Residents and boaters complained last week when they learned that river otters that frequent the area around the Kingston Marina were trapped — a process Port of Kingston officials say is standard practice.
The protests were at least partially effective. The port won’t stop trapping the critters, but the method being used now leads to a happier result for the otters themselves.
Otters are drawn to marinas because they find food there, but they can become a nuisance. They defecate on the docks, for one thing, and they can cause serious damage to vessels or boathouses.
Port officials say the otter traps are set every year, but some in the community raised concerns about what happens to the animals after they’re caught.
Mark Andresen, a Kingston resident, said he noticed a port employee with a trapper setting the snares in the water last week. When Andresen asked, the employee told him the otters would be killed.
“I said, really, you’re going to just kill them?” Andresen said.
Andresen, who has had a slip at the marina for seven years, said he was shocked that the port would kill the animals just for defecating on the dock.
“It seems like the punishment didn’t fit the crime,” he said.
Port executive director Jim Pivarnik said several people objected to the traps. He emphasized that the port isn’t setting or checking the traps — the agency contracts with the U.S. Department of Agriculture’s Wildlife Services program to capture and deal with otters.
“We do have a lot of damage being done, not just pooping on the dock,” Pivarnik said. “We have otters that will move into boats and have babies, we’ll have them just making terrible messes, ripping canvas and things like that.”
Trapping otters is an annual operation for the port, according to Pivarnik, and something most marinas have to deal with. He said it’s the first time anyone has complained about the practice.
“We’ve never really had an issue with it until this year,” Pivarnik said. “It just takes one person to complain and then all of a sudden it turns into, ‘We’re killing Bambi.’”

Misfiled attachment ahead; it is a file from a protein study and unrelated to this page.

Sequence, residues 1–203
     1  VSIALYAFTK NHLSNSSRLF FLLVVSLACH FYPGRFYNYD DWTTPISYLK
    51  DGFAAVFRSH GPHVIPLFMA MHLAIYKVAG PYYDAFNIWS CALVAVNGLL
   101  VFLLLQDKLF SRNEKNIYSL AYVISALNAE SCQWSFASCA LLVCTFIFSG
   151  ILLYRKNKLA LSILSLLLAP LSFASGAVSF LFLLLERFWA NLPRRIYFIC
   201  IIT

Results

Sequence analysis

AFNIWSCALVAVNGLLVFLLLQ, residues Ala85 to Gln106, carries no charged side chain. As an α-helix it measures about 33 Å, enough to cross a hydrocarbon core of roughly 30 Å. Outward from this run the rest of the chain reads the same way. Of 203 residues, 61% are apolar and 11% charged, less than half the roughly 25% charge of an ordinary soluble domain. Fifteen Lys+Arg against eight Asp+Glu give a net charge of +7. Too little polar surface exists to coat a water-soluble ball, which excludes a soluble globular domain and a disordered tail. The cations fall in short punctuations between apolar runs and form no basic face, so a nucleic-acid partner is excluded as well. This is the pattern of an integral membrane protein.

Pivarnik suspects some people may have been confusing sea otters, which are federally protected, with river otters. River otters, which are what are being trapped in Kingston, are smaller and come ashore more often than sea otters.
Under state law, river otters are “furbearers,” meaning they can be trapped during open season with a trapping license. Killing river otters is legal if they damage property, crops or domestic animals, according to the Department of Fish & Wildlife.
Trapping otters should be a last resort, according to Matt Blankenship, a wildlife conflict specialist with the state. But it can be a more reliable method in commercial areas — nonlethal methods like scare tactics or barriers don’t work as well in marinas because of the elusiveness of the animal.
“You can deploy some of these nonlethal techniques out there, but often they’ll move around and its harder to do that,” Blankenship said.
According to USDA data, 64 river otters were intentionally killed or euthanized in Washington state in 2016. Two otters have been killed at the Kingston Marina this year, according to Pivarnik.
Kingston isn’t the only marina in Kitsap that has an issue with river otters.
The Port of Poulsbo hires a private professional trapper every few years to catch and relocate them to the Olympic Peninsula, according to port manager Brad Miller.
“They just make a nuisance of themselves, they defecate all over the place, they can actually be destructive …. some of the boathouses that have the old foam flotation, they will tear that up,” Miller said.
At the Brownsville Marina, river otters are “absolutely” a problem, interim port manager Matt Appleton said. Otters have chewed holes in docks, nested in boats and chased people around the marina. At some point, it becomes a safety problem.
“They get into people’s boathouses, they do all kinds of physical damage,” Appleton said.
The Port of Brownsville also pays the USDA to trap the animals every year, but Appleton said he isn’t sure what the agency does with them once they’ve been caught.
“As long as they leave here, I’m not concerned with what happens,” he said.
In contrast, Port of Bremerton officials don’t hear many otter complaints at the Bremerton and Port Orchard marinas. The port had contracted with the USDA for a trap and release program in the past, but most boaters know that dealing with otters is part of boat ownership, port manager Kathy Garcia said.
That’s how Andresen, the Kingston Marina boater, feels.
“You take a hose and you spray it (the poop) off. … If you have a boat then that’s part of the deal, it comes with the territory,” Andresen said.
Because of the complaints from Andresen and others, the Port of Kingston asked the USDA to swap to “live” traps earlier this week, Pivarnik said. But he said he isn’t sure what will be done with the otters once they are caught.
Some boaters voiced objections because they thought the carcasses of the otters were being wasted, but Andresen thinks they shouldn’t be being killed at all.
“I understand they’re a nuisance, I’ve had them come into my backyard,” Andresen said. “But we kind of put our stuff on top of their world.”
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